Scooters help hopefuls reach more homes
LAWRENCEVILLE, Georgia (AP) -- Battery-powered Segway scooters, first unveiled three years ago, are being used by some politicians this election year
as an easy ride to door-to-door campaigning.
The high-tech transporters allow candidates to reach more homes in less time, allowing them to zip through streets and sidewalks at up to 12 mph with
almost no effort.
State Rep. John Heard, a Republican, has put the electric scooters to the test in suburban Atlanta's Gwinnett County -- sporting a red campaign sign
taped on the Segway's handle bars.
Tired of the long walks while looking for ways to reach more people, Heard learned about Segways by way of campaign consultant Bill McKinney, who got
the idea after watching police officers and meter readers use them in downtown Atlanta.
"It's hard to sell yourself when you're out of breath when you get there," Heard said. "By being on a Segway, you're not hot and sweaty, you're
not exhausted from walking, so you're focused on the conversation."
On a Segway, a candidate can reach three times more homes than on foot, said McKinney, who has consulted at least three other candidates in Georgia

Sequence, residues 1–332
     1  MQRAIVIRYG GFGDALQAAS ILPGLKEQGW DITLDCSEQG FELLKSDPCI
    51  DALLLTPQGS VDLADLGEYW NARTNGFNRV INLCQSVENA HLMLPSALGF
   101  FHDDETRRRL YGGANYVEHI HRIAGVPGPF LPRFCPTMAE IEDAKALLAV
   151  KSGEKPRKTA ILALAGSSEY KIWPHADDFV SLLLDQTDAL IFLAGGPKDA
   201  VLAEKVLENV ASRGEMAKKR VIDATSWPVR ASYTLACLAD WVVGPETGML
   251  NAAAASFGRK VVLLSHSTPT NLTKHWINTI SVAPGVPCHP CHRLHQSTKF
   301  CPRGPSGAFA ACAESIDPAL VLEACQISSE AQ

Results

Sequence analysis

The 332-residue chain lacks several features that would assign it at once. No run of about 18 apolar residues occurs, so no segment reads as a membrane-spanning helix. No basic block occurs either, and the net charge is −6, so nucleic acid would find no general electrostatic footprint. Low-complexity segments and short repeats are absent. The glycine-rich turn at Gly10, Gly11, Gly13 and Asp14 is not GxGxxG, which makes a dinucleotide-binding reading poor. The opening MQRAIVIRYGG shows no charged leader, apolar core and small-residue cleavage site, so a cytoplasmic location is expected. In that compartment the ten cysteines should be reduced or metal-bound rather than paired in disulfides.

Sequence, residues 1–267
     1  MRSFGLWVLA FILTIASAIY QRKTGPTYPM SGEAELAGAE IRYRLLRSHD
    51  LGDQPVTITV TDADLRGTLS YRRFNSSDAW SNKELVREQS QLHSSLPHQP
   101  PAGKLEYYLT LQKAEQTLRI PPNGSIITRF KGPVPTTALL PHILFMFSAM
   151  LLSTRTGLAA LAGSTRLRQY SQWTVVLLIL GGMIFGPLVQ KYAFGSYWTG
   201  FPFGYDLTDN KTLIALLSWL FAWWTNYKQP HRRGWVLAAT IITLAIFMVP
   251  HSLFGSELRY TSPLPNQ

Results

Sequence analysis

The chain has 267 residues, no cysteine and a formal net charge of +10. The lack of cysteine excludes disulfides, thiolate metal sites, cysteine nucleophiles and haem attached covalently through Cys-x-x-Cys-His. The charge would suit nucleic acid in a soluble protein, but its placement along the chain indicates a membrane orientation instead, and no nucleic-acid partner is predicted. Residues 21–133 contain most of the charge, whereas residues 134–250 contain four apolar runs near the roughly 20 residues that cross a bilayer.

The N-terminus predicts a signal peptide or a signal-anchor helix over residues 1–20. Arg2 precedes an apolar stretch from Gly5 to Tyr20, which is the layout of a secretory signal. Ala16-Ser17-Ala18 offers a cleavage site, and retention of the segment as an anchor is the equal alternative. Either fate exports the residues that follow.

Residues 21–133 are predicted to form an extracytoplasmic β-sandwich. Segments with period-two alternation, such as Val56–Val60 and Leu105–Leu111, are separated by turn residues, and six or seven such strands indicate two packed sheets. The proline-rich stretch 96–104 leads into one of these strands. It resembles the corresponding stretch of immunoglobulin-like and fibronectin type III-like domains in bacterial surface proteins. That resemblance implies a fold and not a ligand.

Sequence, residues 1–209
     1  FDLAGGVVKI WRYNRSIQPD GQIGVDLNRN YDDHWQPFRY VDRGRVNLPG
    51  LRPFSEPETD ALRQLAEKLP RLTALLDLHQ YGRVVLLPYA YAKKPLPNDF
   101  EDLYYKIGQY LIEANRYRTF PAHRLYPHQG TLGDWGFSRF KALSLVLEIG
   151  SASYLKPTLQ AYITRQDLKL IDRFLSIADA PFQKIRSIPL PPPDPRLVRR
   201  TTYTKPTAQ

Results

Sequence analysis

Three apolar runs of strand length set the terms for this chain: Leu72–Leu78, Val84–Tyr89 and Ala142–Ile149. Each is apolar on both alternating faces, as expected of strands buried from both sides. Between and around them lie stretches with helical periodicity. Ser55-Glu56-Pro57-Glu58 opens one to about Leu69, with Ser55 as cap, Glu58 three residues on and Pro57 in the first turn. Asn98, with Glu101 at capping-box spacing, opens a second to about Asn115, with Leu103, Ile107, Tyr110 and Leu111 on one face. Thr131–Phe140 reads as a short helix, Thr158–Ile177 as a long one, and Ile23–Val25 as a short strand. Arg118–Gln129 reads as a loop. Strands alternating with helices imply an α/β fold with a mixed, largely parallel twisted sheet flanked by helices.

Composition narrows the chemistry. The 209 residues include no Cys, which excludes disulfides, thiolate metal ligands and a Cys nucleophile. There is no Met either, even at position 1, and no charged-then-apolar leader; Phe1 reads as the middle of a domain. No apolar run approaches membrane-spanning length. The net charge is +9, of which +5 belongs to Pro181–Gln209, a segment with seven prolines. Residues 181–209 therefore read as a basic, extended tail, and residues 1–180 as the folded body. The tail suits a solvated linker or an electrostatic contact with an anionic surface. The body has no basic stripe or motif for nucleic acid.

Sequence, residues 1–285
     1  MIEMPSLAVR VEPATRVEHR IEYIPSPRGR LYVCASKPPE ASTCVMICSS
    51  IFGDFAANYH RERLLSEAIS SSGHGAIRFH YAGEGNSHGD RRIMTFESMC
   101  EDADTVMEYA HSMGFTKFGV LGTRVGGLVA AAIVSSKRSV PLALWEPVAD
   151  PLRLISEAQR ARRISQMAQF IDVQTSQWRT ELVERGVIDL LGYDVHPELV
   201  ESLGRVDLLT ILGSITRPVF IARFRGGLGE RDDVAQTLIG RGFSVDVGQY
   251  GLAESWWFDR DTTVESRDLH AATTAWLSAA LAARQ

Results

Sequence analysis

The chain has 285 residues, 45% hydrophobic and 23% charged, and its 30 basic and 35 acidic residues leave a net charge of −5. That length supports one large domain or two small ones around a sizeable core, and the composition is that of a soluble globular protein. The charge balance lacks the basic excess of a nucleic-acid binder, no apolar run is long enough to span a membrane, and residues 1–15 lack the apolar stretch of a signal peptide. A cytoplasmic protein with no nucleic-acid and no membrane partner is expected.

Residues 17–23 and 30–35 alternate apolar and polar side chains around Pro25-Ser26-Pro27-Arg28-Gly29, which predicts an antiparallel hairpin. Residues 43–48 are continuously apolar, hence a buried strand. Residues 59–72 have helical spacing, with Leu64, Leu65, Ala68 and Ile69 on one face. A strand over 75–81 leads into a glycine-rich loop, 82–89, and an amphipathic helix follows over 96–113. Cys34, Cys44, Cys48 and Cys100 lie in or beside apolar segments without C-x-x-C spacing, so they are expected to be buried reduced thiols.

who used Segways earlier this year while campaigning in the state's primaries.
McKinney, a big advocate of door-to-door canvassing, cites a Yale University study that indicated knocking on voters' doors can account for a 7
percent to 12 percent increase in overall voter turnout.
Despite the advantages, cost remains a concern for budget-strapped candidates. The Segways' $5,000 price tag -- or rentals of up to $1,000 per month
-- keep many away.
Heard lucked out by finding another politician in Gwinnett County who let him borrow a Segway at no charge.
Democrat Charlie Smith, who's running for a state House seat in South Carolina, struggled with door-to-door canvassing during a failed run for the
same seat in 2002. This time, the candidate, whose district includes parts of Charleston and nearby barrier islands, has had success in reaching
voters with his Segway.
"When you spend $40,000 on a mail program in a district my size, that's a fairly targeted approach, but you can spend $5,000 on something like this
and actually talk to voters face to face," he said.